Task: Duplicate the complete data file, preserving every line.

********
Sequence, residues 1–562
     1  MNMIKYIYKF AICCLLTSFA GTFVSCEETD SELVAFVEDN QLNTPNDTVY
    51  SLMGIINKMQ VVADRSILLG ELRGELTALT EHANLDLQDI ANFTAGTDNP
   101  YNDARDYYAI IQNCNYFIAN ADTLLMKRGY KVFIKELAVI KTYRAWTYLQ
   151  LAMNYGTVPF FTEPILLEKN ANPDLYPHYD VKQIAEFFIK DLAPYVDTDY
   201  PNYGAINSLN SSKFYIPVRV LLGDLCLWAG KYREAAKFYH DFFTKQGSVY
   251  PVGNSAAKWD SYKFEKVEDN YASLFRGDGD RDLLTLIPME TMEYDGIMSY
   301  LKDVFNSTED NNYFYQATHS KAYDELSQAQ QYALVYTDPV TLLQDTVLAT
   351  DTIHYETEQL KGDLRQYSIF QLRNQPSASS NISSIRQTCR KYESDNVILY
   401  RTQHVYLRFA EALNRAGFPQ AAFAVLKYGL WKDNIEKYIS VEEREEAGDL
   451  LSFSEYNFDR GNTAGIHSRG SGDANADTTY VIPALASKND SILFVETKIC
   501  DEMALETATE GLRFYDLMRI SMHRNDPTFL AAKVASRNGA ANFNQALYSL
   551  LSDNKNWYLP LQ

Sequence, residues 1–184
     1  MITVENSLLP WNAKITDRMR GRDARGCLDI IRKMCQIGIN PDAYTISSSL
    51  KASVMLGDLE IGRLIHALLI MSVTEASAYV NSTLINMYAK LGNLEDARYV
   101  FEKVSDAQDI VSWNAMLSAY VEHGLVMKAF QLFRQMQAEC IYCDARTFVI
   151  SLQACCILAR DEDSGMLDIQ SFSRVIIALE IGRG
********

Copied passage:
Sequence, residues 1–562
     1  MNMIKYIYKF AICCLLTSFA GTFVSCEETD SELVAFVEDN QLNTPNDTVY
    51  SLMGIINKMQ VVADRSILLG ELRGELTALT EHANLDLQDI ANFTAGTDNP
   101  YNDARDYYAI IQNCNYFIAN ADTLLMKRGY KVFIKELAVI KTYRAWTYLQ
   151  LAMNYGTVPF FTEPILLEKN ANPDLYPHYD VKQIAEFFIK DLAPYVDTDY
   201  PNYGAINSLN SSKFYIPVRV LLGDLCLWAG KYREAAKFYH DFFTKQGSVY
   251  PVGNSAAKWD SYKFEKVEDN YASLFRGDGD RDLLTLIPME TMEYDGIMSY
   301  LKDVFNSTED NNYFYQATHS KAYDELSQAQ QYALVYTDPV TLLQDTVLAT
   351  DTIHYETEQL KGDLRQYSIF QLRNQPSASS NISSIRQTCR KYESDNVILY
   401  RTQHVYLRFA EALNRAGFPQ AAFAVLKYGL WKDNIEKYIS VEEREEAGDL
   451  LSFSEYNFDR GNTAGIHSRG SGDANADTTY VIPALASKND SILFVETKIC
   501  DEMALETATE GLRFYDLMRI SMHRNDPTFL AAKVASRNGA ANFNQALYSL
   551  LSDNKNWYLP LQ

Sequence, residues 1–184
     1  MITVENSLLP WNAKITDRMR GRDARGCLDI IRKMCQIGIN PDAYTISSSL
    51  KASVMLGDLE IGRLIHALLI MSVTEASAYV NSTLINMYAK LGNLEDARYV
   101  FEKVSDAQDI VSWNAMLSAY VEHGLVMKAF QLFRQMQAEC IYCDARTFVI
   151  SLQACCILAR DEDSGMLDIQ SFSRVIIALE IGRG